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Although he has only released one album of new material in the last ten years, and virtually retired from the live stage after his 1985 tour, Linton Kwesi Johnson remains a towering figure in reggae music. Born in Kingston, Jamaica and raised in the Brixton section of London, Johnson invented dub poetry, a type of toasting descended from the DJ stylings of U-Roy and I-Roy. But whereas toasting tended to be hyperkinetic and given to fits of braggadocio, Johnson's poetry (which is what it was -- he was a published poet and journalist before he performed with a band) was more scripted and delivered in a more languid, slangy, streetwise style. Johnson's grim realism and tales of racism in an England governed by Tories was scathingly critical. The Afro-Brits in Johnson's poems are neglected by the government and persecuted by the police. Johnson was also instrumental (with his friend Darcus Howe) in the publication of a socialist-oriented London-based newspaper, Race Today, that offered him and other like-minded Britons, both black and white, an outlet to discuss the racial issues that, under Margaret Thatcher's reign, seemed to be tearing the country apart. For one so outspoken in his politics, Johnson's recorded work, while politically explicit, is not simply a series of slogans or tuneful/danceable jeremiads. In fact, is was his second release, Forces of Victory, where his mix of politics and music united to stunning effect. Dennis Bovell and the Dub Band could swing (as in jazzy) more than many reggae bands, and guitarist John Kpiaye, the group's secret weapon, offered deftly played, dazzlingly melodic solos. But it was Johnson's moving poetry, galvanizing moments such as "Sonny's Lettah" and "Fite Dem Back" that made it obvious that this was a major talent.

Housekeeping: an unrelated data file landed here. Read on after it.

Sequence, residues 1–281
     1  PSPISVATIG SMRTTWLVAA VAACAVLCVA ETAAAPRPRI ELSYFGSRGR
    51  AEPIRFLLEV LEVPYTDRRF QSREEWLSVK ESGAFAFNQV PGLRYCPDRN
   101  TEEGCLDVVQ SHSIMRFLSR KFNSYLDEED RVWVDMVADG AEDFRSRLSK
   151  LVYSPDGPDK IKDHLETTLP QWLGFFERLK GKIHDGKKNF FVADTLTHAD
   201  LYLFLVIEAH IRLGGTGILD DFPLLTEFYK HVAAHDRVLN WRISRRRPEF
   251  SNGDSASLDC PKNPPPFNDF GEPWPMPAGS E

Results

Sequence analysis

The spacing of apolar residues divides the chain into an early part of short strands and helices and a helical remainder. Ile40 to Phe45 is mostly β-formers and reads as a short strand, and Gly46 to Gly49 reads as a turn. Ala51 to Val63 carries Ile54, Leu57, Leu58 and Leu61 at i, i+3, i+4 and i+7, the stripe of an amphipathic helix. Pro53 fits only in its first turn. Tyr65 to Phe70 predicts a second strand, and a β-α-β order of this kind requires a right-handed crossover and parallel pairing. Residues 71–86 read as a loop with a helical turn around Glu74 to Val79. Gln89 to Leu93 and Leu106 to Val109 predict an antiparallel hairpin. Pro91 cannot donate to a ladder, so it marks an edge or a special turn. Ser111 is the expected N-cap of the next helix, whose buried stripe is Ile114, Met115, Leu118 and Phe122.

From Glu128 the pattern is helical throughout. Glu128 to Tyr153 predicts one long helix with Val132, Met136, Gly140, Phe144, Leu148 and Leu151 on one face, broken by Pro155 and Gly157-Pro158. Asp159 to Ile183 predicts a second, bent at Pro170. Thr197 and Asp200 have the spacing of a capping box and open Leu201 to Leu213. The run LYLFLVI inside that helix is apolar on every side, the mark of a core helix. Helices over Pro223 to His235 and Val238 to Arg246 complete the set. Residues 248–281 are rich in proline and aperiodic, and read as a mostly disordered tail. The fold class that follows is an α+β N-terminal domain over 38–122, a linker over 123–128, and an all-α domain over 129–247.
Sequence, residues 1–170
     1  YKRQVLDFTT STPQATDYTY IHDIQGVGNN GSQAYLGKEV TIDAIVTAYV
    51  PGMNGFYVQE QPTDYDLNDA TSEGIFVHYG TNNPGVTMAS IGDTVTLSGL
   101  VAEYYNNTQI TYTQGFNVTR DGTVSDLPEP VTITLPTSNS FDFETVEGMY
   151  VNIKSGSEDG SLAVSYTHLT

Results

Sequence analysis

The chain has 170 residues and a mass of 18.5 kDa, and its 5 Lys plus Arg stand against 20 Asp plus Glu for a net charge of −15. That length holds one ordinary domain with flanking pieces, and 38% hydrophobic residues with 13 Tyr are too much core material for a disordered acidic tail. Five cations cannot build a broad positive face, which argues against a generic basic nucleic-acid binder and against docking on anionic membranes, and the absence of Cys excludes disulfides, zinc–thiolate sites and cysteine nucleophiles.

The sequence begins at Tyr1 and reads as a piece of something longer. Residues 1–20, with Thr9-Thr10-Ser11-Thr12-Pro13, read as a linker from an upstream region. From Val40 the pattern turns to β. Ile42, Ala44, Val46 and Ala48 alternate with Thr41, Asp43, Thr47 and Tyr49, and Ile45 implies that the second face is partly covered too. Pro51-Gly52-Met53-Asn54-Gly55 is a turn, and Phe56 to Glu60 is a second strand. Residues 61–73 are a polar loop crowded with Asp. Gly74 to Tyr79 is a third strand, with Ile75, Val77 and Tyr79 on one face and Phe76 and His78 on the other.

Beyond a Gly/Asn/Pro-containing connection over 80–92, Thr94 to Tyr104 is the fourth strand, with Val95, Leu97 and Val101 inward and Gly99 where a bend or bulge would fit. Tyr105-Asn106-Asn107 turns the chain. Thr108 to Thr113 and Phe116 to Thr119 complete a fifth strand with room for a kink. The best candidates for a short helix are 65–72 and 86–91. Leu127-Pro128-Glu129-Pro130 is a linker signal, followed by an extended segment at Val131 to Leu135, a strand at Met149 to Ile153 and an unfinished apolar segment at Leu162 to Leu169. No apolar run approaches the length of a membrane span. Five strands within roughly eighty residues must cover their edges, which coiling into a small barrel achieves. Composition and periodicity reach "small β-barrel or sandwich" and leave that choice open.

Although he never intended to, Johnson became a star, in England anyway; in America he had a small yet devoted group of fans. But political activism was as important, perhaps more important, than churning out records and touring, and after the release of his third album, Bass Culture, in 1980, Johnson took time off from the music scene, turning his back on a lucrative contract from Island. He continued to perform, but it was poetry readings at universities, at festivals in the Caribbean, and for trade union workers in Trinidad. His organizing activities included the setting up the First International Book Fair of Radical Black and Third World Books, and greater involvement with the political organizations with which he had been long identified, namely the Race Today Collective and the Alliance of the Black Parents Movement. In 1982, the BBC commissioned Johnson to create a series of radio programs on Jamaican popular music, a subject he'd been researching for years. The programs, entitled From Mento to Lovers Rock, were more than just musical history; Johnson contextualized Jamaican music socially and politically and offered a more nuanced and thorough examination of the popular music of his native and adopted countries.